“There is always a new campaign,” Uncle Bu said to the short man, “First they spray all the people with DDT, as well as the mosquitoes, to see who dies first. Then, just have all the people in the entire country kill every sparrow so they won’t eat the seeds in the fields. Even children with slingshots are knocking over the little fellows. Teach them to kill while they are young, I say,” Rightist Bu said.
“Your commentary is stinging, Brother Bu,” said Uncle Huang.
“How could it be stinging when there are no more mosquitoes?” one of the quiet Ogres said.
I lifted the pole, which was twice my height. Mulan was in my imaginings and I found my strength to lift it high.
“Stop right there!” I ordered, like Mulan in the battlefield shouting against her enemy. Hitting one tip of the pole to the floor, I dug into the dirt.
“If you move one more inch, the spear goes right through into your head,” I said, pulling it out of the dirt. The world of my young suffering turned me into my heroine.
“How dare you! Are you crazy? Did you eat leopard’s gall?” he yelled, trying to grab my pole, but I screamed and pulled it back.
“Aiyaaa, you kill me! Go ahead, kill me!” A scream came from my little throat that was the voice of someone else, I’ll become a ghost. I’ll haunt your son, Treasure, haunt him, haunt him until he is dead!”
Mother broke out of the bedroom and a space opened up in the room filled with a powerful silence.
Everyone looked around at each other waving their thin arms. “You may all put your hands down. Lastly, anyone from a Landlord family, raise your hand.” My hand was so heavy that I could not move it. I was the only one left to raise my hand and I had to because I belonged to this category, Landlord, the worst Enemies of the State. He gave no option for the Industrial Business classification. When my shaking hand reluctantly stuck up, the entire class fixed their eyes on me. From then on, I wasn’t just an Enemy of the State; I was the enemy of the class.
I heard the thunder of a plane overhead. I covered my ears but still heard the sounds of chaos in the streets that flooded our classroom. I could see wild fights and heard the screams of those being beaten. Da! Za! Qiang! The three slogans of the Revolution were happening everywhere, Da, beating, Za, destroying, Qiang, looting. I had never seen the students talk back to the teacher, but the crack in the old wooden bowl had finally given way, splitting my world in two.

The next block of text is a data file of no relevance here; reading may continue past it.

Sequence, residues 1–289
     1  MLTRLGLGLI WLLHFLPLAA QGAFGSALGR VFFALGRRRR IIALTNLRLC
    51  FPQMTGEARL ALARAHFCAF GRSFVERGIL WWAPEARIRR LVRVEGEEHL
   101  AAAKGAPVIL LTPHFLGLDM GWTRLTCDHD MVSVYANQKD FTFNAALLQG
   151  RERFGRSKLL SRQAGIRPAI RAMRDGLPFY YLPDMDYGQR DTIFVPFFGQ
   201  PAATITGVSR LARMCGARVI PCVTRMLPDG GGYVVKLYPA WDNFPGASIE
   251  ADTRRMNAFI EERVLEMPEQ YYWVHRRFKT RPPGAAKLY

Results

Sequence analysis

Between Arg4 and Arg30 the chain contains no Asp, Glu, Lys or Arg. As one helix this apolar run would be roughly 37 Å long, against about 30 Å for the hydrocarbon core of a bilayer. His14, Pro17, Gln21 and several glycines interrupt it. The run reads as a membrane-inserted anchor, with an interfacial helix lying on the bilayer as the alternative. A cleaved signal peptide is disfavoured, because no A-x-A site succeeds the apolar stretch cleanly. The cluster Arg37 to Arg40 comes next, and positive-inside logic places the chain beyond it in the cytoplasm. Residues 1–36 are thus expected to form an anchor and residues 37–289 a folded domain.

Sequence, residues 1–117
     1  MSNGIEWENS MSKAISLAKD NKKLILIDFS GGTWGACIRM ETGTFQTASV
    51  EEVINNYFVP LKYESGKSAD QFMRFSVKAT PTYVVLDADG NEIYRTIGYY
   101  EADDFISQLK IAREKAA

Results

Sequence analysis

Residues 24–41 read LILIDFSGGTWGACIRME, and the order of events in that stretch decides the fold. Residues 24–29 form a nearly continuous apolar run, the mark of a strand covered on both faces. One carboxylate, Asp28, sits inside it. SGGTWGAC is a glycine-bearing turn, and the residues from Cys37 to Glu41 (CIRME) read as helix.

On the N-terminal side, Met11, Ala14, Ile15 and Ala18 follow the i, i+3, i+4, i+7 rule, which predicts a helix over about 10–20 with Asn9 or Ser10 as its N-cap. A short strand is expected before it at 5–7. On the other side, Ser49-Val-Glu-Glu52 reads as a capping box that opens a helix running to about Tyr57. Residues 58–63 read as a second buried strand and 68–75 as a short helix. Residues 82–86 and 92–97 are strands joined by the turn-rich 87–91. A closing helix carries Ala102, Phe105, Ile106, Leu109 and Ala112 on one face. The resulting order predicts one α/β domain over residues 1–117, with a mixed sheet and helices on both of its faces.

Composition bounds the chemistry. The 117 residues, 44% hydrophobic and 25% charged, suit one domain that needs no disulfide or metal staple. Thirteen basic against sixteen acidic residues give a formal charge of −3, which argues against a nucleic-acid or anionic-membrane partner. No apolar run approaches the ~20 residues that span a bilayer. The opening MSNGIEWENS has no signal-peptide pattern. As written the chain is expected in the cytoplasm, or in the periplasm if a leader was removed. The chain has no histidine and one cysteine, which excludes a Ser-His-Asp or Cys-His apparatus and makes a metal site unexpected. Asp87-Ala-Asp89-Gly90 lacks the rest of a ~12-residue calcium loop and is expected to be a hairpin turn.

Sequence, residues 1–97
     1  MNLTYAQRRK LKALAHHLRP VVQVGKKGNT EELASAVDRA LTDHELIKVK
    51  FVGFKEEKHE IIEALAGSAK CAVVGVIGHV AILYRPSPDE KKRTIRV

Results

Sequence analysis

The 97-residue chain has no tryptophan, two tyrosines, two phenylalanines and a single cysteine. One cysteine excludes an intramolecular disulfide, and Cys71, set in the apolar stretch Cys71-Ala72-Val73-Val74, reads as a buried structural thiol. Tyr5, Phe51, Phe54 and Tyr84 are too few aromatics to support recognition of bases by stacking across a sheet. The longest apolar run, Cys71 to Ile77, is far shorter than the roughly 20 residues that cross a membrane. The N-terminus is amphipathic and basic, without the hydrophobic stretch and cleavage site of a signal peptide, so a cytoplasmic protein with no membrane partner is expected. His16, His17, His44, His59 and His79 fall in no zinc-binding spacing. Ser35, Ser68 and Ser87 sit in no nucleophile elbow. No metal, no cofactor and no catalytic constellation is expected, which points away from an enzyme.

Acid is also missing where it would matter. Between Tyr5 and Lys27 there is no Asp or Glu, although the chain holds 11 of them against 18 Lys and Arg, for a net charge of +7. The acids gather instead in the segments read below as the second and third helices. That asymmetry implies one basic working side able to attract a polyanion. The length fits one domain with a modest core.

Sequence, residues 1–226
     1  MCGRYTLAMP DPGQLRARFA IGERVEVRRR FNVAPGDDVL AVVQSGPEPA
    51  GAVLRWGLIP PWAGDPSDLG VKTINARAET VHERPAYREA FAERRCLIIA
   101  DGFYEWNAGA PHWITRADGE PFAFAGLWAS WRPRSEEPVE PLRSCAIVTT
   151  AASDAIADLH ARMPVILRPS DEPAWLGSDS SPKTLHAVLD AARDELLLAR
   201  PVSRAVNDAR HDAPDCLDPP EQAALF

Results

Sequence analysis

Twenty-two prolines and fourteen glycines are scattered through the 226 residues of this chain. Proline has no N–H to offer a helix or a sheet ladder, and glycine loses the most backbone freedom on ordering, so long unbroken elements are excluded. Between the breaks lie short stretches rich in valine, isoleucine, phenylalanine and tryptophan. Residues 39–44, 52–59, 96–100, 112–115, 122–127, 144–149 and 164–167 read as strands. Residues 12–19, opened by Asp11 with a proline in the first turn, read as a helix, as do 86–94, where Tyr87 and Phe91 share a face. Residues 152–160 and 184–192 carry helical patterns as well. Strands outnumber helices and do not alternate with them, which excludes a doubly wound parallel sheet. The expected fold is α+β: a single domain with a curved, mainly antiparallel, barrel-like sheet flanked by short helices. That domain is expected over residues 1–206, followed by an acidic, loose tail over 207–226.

“Stay seated where you are!” the teacher cried.
Everyone rushed for the door ignoring the pleas of the stunned and fragile teacher.
“Students! Do you hear? Sit down!”
His face showed that he knew the reins were slipping from between his fingers. He slammed a chair down in front of the door to block their exit but the force of the students’ passion broke the dam and I was swept along like a twig in the wild spring flood of the Yangtze River.
The crowd thrust their fists and their ever-present red books into the air. I could not raise my hand at first, not knowing quite why. The presence of Mother in my mind would not allow my hand to rise until the energy of the crowd around me drew it up against my will. I murmured with the crowd, “Long Live Chairman Mao, Down with Tyrant O Yang!”
“Down with American Imperialists, down with Imperialist Soviet Union!”
“Repeat, now,” the teacher continued, “I am principal O Yang. I am stupid and I am old.”
“I am Principal O Yang. I am stupid and I am old,” the principal said hanging his head. “You think you are above us? Sing it now, louder!”
The principal began the song with no choice, the crowd bearing down on him.
“I am Principal O Yang, I am stupid and I am old,” he said with dignity as though giving a lecture on some important subject. An inflamed Red Guard hung a sign around the principal’s neck and the crowd cheered. “Stinking Intellectual” they all called at once, reading the shameful sign aloud.